423                // Code Section 7
     424        release B
     425        // Code Section 8
     426release A
    551427\end{lstlisting}
    552428\end{tabular}
    553429\end{center}
    554430
    555 Regardless of the context in which the \code{wait} statement is used, \code{signal} must be called holding the same set of monitors. In all cases, signal only needs a single parameter, the condition variable that needs to be signalled. But \code{signal} needs to be called from the same monitor(s) that call to \code{wait}. Otherwise, mutual exclusion cannot be properly transferred back to the waiting monitor.
    556 
    557 Finally, an additional semantic which can be very usefull is the \code{signal_block} routine. This routine behaves like signal for all of the semantics discussed above, but with the subtelty that mutual exclusion is transferred to the waiting task immediately rather than wating for the end of the critical section.
    558 \\
     431Hard extension :
     432
     433Incorrect options for the signal :
     434
     435\begin{description}
     436 \item[-] Release B and baton pass after Code Section 8 : Passing b without having it
     437 \item[-] Keep B during Code Section 8 : Can lead to deadlocks since we secretly keep a lock longer than specified by the user
     438 \item[-] Instead of release B transfer A and B to waiter then try to reacquire A before running Code Section 8 : This allows barging
     439\end{description}
     440
     441Since we don't want barging we need to pass A \& B and somehow block and get A back.
     442
     443\begin{center}
     444\begin{tabular}{ c @{\hskip 0.65in} c }
     445\begin{lstlisting}[language=Pseudo]
     446acquire A
     447        acquire B
     448                acquire C
     449                        wait A & B & C
     450                1: release C
     451        2: release B
     4523: release A
     453\end{lstlisting}&\begin{lstlisting}[language=Pseudo]
     454acquire A
     455        acquire B
     456                acquire C
     457                        signal A & B & C
     458                4: release C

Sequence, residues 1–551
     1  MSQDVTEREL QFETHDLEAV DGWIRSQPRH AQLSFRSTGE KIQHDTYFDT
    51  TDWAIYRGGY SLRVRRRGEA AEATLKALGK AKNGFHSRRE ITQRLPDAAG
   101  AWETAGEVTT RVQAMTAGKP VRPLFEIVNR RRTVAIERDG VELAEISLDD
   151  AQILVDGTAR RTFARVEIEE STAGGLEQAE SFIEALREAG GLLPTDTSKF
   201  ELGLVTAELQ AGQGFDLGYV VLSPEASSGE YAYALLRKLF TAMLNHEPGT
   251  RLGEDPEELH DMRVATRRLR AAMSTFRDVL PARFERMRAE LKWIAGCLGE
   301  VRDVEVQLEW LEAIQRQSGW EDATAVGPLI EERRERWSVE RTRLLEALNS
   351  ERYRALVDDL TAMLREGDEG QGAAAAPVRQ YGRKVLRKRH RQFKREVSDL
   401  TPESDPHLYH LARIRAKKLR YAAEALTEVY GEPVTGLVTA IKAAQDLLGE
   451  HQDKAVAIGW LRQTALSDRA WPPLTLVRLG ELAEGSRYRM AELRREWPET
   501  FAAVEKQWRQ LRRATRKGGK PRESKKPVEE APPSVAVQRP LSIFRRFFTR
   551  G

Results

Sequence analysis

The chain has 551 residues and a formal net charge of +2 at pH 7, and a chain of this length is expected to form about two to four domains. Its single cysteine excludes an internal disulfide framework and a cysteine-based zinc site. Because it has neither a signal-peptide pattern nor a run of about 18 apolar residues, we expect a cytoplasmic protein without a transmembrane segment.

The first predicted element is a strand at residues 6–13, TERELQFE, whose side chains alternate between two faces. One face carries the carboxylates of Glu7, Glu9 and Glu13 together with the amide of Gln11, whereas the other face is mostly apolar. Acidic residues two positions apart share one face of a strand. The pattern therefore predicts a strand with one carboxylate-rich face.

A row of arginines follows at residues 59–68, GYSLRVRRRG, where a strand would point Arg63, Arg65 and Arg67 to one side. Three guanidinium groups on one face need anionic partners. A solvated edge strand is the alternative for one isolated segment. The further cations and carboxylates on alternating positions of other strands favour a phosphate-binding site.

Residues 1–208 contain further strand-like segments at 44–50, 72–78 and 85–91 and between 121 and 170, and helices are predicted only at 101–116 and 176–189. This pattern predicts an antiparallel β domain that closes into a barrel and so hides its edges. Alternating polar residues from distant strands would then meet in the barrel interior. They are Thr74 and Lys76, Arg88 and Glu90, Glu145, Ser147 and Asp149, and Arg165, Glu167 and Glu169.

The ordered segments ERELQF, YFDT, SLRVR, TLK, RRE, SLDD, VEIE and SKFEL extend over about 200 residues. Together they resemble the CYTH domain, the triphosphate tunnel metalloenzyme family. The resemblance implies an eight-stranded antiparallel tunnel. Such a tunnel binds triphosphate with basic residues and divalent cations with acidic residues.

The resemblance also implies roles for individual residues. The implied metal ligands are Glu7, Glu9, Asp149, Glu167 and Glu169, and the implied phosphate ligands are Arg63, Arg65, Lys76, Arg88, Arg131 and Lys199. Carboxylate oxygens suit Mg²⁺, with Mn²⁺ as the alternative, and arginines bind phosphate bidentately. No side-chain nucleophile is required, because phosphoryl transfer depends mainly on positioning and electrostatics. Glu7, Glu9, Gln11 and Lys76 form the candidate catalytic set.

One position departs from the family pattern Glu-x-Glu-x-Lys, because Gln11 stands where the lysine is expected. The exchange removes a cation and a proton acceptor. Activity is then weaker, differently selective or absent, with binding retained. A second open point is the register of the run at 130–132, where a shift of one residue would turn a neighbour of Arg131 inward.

459        5: release B
     4606: release A
     461\end{lstlisting}
     462\end{tabular}
     463\end{center}
     464
     465To prevent barging :
     466
     467\begin{description}
     468 \item[-] When the signaller hits 4 : pass A, B, C to waiter
     469 \item[-] When the waiter hits 2 : pass A, B to signaller
     470 \item[-] When the signaller hits 5 : pass A to waiter
     471\end{description}
     472
     473
     474\begin{center}
     475\begin{tabular}{ c @{\hskip 0.65in} c }
     476\begin{lstlisting}[language=Pseudo]
     477acquire A
     478        acquire C
     479                acquire B
     480                        wait A & B & C
     481                1: release B
     482        2: release C
     4833: release A
     484\end{lstlisting}&\begin{lstlisting}[language=Pseudo]
     485acquire B
     486        acquire A
     487                acquire C
     488                        signal A & B & C
     489                4: release C
     490        5: release A
     4916: release B
     492\end{lstlisting}
     493\end{tabular}
     494\end{center}
     495
     496To prevent barging : When the signaller hits 4 : pass A, B, C to waiter. When the waiter hits 1 it must release B,
     497
     498\begin{description}
     499 \item[-]
     500 \item[-] When the waiter hits 1 : pass A, B to signaller
     501 \item[-] When the signaller hits 5 : pass A, B to waiter
     502 \item[-] When the waiter hits 2 : pass A to signaller
     503\end{description}
     504
     505% Monitors also need to schedule waiting threads internally as a mean of synchronization. Internal scheduling is one of the simple examples of such a feature. It allows users to declare condition variables and have threads wait and signaled from them. Here is a simple example of such a technique :
     506
     507% \begin{lstlisting}
     508%       mutex struct A {
     509%               condition e;
     510%       }
     511
     512%       void foo(A & mutex a) {
     513%               //...
     514%               wait(a.e);
     515%               //...
     516%       }
     517
     518%       void bar(A & mutex a) {
     519%               signal(a.e);
     520%       }
     521% \end{lstlisting}
     522
     523% Note that in \CFA, \code{condition} have no particular need to be stored inside a monitor, beyond any software engineering reasons. Here routine \code{foo} waits for the \code{signal} from \code{bar} before making further progress, effectively ensuring a basic ordering.